25 April 2012

n.d.p. in burgundy: yann durieux / recru des sens, villers-la-faye

When vignerons ask me about my blog, I tend to become Mitt Romney. "It's a blog about ... wine in Paris," I'll affirm, and the descriptor that goes in the elipsis depends entirely on my audience.

People are touchy about it. Since pretty much every vigneron considers what they are in the habit of doing to be 'natural,' I find that many choose to take the term as referring not to wine itself, but rather to vignerons who seem to attract a lot of attention using the term. This is paradoxically sort of anathema to the intent of the appellation system;* nor is it helpful that "natural wine," like any brand, invariably gets associated with its most visible or colourful proponents, who can themselves be anathema to more conservative personality types.

Anyway, I felt welcome enough hanging around with the Burguet brothers in Gevrey-Chambertin, Eric and Jean-Luc, to express my particular interest in low-sulfur, minimal-intervention wines, and Eric suggested my friend J and I go see a friend and former roommate called Yann Durieux, who had just begun making wine in the Hautes-Côtes de Nuits. Eric being the scrupulous Oscar of the Burguet Odd Couple winemaking team, he would only tell us that Durieux's wines were "très speciale," which I took to mean he thought Durieux was bonkers.

Part of this is probably just a reaction to the project of quality winemaking in the Hautes-Côtes, where, as good as the wines may get, absolutely no one expects impressive product. Not with village level Burgundy a few miles down the road. Even Domaine de la Romanée-Conti's Hautes-Côtes de Nuits blanc inspires little more than mild geek appreciation. Promoting natural wine in the Hautes-Côtes is, on the one hand, a way to create an identity for historically somwhat faceless terroir. On the other hand, it's an enormous challenge, given that the greater region has historically had no need for any certification beyond the AOC in order to sell.

Further complicating the idea of natural wine in Burgundy is the tradition of chaptalisation, which, as a conversational subject, is comparable to Mitt Romney's tax returns. Even if one asks, one usually won't be told. It's a maximally interventional process, and quite widespread, depending on the vintage.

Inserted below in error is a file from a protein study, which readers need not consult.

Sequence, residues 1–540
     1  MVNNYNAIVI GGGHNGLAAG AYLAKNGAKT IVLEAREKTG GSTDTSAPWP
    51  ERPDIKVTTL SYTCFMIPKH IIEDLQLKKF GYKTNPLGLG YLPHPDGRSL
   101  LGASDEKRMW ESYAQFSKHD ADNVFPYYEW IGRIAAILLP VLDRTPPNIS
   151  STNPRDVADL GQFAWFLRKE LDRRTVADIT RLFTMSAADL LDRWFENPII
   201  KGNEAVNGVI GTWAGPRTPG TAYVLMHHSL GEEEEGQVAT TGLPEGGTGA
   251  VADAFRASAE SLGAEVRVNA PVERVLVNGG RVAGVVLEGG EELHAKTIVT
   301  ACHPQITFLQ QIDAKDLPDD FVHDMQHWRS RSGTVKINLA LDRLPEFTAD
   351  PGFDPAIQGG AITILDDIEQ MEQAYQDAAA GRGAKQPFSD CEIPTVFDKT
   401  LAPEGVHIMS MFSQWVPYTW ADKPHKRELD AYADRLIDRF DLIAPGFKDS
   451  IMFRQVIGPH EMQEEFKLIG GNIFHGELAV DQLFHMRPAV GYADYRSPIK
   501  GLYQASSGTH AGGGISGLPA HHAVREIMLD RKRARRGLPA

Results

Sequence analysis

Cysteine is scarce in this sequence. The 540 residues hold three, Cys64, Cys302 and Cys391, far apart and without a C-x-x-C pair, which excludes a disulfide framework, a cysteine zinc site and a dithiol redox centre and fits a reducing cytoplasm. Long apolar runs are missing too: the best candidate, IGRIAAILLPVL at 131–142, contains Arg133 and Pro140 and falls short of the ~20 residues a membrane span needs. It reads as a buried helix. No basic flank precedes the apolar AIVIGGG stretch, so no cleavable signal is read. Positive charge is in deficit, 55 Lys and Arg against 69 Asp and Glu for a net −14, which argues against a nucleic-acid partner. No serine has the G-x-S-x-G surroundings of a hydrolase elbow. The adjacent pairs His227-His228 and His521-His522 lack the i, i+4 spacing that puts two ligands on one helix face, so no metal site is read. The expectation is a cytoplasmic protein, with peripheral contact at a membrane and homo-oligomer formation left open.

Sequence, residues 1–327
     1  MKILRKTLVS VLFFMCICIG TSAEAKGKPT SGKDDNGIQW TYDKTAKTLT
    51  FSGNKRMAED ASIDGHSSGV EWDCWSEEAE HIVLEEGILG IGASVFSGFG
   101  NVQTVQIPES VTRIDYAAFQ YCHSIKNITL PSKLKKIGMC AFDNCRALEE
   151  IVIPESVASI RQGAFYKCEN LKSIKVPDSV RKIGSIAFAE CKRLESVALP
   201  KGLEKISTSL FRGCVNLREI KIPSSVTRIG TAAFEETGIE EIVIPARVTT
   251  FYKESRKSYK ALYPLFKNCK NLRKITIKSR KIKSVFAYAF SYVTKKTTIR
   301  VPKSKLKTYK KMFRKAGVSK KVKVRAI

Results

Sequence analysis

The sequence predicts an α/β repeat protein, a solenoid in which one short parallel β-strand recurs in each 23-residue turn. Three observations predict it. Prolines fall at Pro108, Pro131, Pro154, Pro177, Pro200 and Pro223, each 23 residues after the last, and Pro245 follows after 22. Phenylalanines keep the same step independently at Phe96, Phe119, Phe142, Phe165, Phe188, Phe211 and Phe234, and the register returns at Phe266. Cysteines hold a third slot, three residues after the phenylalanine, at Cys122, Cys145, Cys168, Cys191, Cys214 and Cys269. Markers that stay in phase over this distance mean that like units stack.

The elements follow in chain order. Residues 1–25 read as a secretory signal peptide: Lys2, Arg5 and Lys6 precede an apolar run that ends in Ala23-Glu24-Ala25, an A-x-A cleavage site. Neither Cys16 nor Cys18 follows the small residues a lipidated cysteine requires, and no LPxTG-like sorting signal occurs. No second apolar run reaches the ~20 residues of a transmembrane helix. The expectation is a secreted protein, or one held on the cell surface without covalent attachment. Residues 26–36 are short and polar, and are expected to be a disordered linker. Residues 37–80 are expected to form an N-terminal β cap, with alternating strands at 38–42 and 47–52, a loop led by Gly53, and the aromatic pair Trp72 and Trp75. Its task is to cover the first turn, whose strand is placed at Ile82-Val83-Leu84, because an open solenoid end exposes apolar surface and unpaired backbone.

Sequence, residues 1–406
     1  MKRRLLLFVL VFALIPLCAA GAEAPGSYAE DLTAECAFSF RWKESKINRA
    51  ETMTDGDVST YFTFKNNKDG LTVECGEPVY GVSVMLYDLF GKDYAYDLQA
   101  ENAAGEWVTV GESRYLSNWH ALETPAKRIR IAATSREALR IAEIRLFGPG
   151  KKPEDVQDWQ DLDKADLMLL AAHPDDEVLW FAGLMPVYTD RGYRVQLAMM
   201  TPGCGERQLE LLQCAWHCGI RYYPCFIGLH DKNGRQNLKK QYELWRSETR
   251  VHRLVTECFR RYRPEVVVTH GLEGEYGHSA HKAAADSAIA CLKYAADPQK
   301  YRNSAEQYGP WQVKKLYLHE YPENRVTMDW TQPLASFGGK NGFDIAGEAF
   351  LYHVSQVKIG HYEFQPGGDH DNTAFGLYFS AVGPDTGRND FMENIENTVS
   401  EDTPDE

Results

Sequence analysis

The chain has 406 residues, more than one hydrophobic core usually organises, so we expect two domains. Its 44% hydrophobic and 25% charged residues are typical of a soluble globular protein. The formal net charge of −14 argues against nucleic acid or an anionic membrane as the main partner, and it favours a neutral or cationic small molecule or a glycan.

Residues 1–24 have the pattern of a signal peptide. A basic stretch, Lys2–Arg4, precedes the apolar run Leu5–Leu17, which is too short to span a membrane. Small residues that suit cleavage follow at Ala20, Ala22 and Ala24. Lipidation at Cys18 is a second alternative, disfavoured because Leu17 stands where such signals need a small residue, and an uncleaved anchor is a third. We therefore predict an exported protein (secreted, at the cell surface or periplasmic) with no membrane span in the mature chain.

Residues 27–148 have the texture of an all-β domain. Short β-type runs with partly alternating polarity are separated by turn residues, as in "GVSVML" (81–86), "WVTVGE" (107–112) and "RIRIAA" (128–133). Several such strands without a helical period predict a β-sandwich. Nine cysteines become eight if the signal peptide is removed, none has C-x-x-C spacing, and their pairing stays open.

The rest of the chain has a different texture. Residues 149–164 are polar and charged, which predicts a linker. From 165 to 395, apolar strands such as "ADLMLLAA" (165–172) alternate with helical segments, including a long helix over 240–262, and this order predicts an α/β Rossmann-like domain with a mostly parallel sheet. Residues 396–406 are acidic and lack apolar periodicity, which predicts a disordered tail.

As usual, my interest in Yann Durieux was directly proportionate to the apparent quixotism of his project. J and I sputtered on over to gray Villers-La-Faye and waited a few minutes in a tiny parking lot until both Durieux and his then-quite-pregnant wife came up the road to greet us.

We learned that before setting up his own winemaking operation in 2010, Durieux worked seven years for Julien Guillot, of whose slender, biodynamic, innovatively traditional Mâcon's I'm quite a fan. (This is also the same Julien Guillot known to dress up as a monk for promotional videos.) Durieux's vineyards now total 3ha around Villers-La-Faye, of Pinot Noir, Aligoté, and Chardonnay. He also purchases a small amount of Pinot Noir, all of it certified organic. In his own vineyards, he practices what can fairly be termed psychotically low yields: 25HL / ha.

It was at this point in the conversation that J's jaw dropped and he asked at what price, by the by, did Durieux plan to sell the Aligoté we'd begun tasting, a Bourgogne Aligoté called "Love et Pif" from 2010. We did the math and realised it would come in just above 20€ at a cave in Paris, which, for Aligoté, typically a runty little white many customers cook with, is a little optimistic.

My own jaw dropped for a different reason. Outside of Alice et Olivier De Moor's tiny late-harvest "Reversibilité," Durieux's "Love and Pif" is perhaps the greatest Aligoté I've ever tasted. Ripe, lightly effervescent, mineral, oystery, white floral on the nose... It was a revelation akin to hearing a song by The Chills for the first time. One finds it surprisingly lush and dynamic, for a genre known to be tinny and austere (Aligoté / New Zealand indie rock).

"Love and Pif," it also bears mentioning, is the first wine Durieux has bottled. In Villers-La-Faye that day we tasted also his Hautes-Côtes de Nuits Chardonnay, and three cuvées of Hautes-Côtes de Nuits Pinot Noir, all from barrel. Some were showing a little reduced, but nothing serious, and it's to be expected at that point in the winemaking process. All were pretty stunning, sharing a cranberryish crunchiness and a complexity I'd compare to lighter styles of Barbaresco. (A fun fact: some were aging in old barrels of Burguet Gevrey-Chambertin "Mes Favorites.") None were chaptalised. Durieux practices whole-cluster pressing, and doesn't rack during élevage.

The catch, of course, is that Durieux, at least last time we spoke about it, was planning to ask what I'll describe as Pacalet-like prices for his red wines. Josh and I wished him luck on that, but not before we each bought a bottle of "Love and Pif" to take with us. In the car we hypothesized that Durieux might be best advised to raise yields just a tad; the wines would gain greater acclaim if they were half the price, even if they were half as heavenly. (Still pretty heavenly.)

Months have now passed since that visit. I adore Durieux's wines, and have introduced him to a few likely buyers in Paris. Yet I'd probably still agree with Eric Burguet, whatever it was he meant.

* Which could perhaps be summarised as loosely assuming that where = how, or that where dictates how to a great degree. 

Yann Durieux / Recru Des Sens
2 rue du Château
Tel: 03 80 62 50 64

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